Killing, arrested, tortured and mass grave was common feature immediately after the massacre. At another scene of the movie, Sumitro (Jojo Sarmento) ordered the unarmed civilian split up themselves between men and women. He then asked the men, young and older as well as teenage to lining up, the soldiers opened fire into the crowd and killed all of them. This feature are really in common with the real tragedy, according to the legitimate source about 200 hundred people were burned alive in their homes. Indonesian troops then carried out a ‘clean sweep’ operation around the village of Bibleu, as a result of which 500 people were killed on the bank of the river. Ever since, Kraras was well known as the ‘The land of the widows.’ An eyewitness account described that ‘the soldier opened his mouth, showing his teeth with a smile, and said a sentence which was regarded to be part of the wisdom of Java. He said: ‘When you clean your field, don’t you kill all the snakes, the small and large alike?’.

A piece of historical sequence that has been described in above passage is composed in A Guerra de Beatriz. A brilliant epic of love and heroic struggle, betrayal, sacrifice and the rise and fall of the independence movement. Sense of self sacrifice to the loves one was well represented by Celestino dos Anjos (Falintil fighter), bravado and faithful—in the epoch of unfaithfulness—was embodied through Beatriz herself, wisdom and restraint was expressed really well by Tereza.
The long voyage from Kraras to the ‘new promise land’ by Indonesian military at Lalerek Mutin after the massacre was another scene that missed in A Guerra de Beatriz. According to many sources, the long journey from Kraras to Lalerek Mutin caused many death tolls; the number was even higher than in Kraras when pogrom was taken place.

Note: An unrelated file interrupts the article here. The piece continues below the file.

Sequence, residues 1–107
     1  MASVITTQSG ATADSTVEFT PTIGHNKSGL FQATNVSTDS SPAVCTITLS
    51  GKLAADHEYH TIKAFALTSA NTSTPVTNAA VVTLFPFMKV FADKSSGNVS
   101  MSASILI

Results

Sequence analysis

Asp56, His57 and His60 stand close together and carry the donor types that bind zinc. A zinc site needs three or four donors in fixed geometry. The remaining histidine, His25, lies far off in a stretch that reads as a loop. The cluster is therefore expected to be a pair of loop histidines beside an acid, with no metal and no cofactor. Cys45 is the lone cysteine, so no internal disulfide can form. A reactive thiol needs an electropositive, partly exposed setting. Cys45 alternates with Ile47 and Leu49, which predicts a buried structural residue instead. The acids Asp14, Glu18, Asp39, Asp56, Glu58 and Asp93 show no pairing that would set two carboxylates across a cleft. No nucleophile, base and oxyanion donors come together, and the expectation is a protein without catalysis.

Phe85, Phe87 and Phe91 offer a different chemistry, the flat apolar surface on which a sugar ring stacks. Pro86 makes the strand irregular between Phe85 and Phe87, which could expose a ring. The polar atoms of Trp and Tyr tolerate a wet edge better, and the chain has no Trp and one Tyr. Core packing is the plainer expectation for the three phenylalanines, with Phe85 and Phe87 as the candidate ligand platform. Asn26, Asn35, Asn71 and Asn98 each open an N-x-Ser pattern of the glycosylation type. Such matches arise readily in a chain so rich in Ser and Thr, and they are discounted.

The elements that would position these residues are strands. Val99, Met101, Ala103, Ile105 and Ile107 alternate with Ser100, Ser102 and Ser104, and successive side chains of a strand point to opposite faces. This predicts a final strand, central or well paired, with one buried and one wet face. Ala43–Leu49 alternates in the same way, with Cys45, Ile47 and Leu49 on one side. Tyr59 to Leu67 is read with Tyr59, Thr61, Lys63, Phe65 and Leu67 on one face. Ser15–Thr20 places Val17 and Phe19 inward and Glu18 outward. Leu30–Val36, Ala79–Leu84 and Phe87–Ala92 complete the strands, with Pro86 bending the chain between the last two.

While intrauterine devices compete with bombs and machine-gun salvos to arrest the growth of the Vietnamese population, in Lalerek Mutin (the new settlement) it is more hygienic and effective to kill guerrilleros in the womb then in the mountains or the village. Various military doctors have sterilized thousands of women in Lalerek Mutin, although this is the least populated habitable zone in Viqueque district. This human tragedy also does not appeared in A Guerra de Beatriz.
The role of the church is well represented by Father Nicolau (Osme). Father Nicolau reminiscent the audience on the late Dom Martinho Lopes, a fearless critic of Indonesian military occupation. He was expelled from Timor-Leste in 1983 and sent to Portugal after Indonesian government posed serious political pressure on Vatican on his role in supporting the liberation movement.
If you cannot fight them, bully them. This metaphor was well applicable by Tereza when he got married with and Indonesian captain Sumitro. ‘We should get married with the man around us and in another village to give us more children which will take up the struggle,’ Beatriz said bitterly.
Amidst some missing link in the features, such as when Pedro Cortes was called uncle by a young women and Pedro answer ‘cousin’ all of a sudden. And when Pedro and Beatriz swamp in the beach, a drunken man appeared all of a sudden and tried to harass Beatriz sexually. The unknown man eventually opened up Pedro’s pass as one of Tim Alfa member (a group of militia, which located in the district of Lospalos, the eastern part.
But generally speaking, A Guerra de Beatriz has laid the ground work for the East-Timorese to tell their own history, or provide an opportunity for people that speechless to ‘have a say.’ Especially the role of women to tell her-story while the discourse on historiography has always placed the male on the center stage of every big event.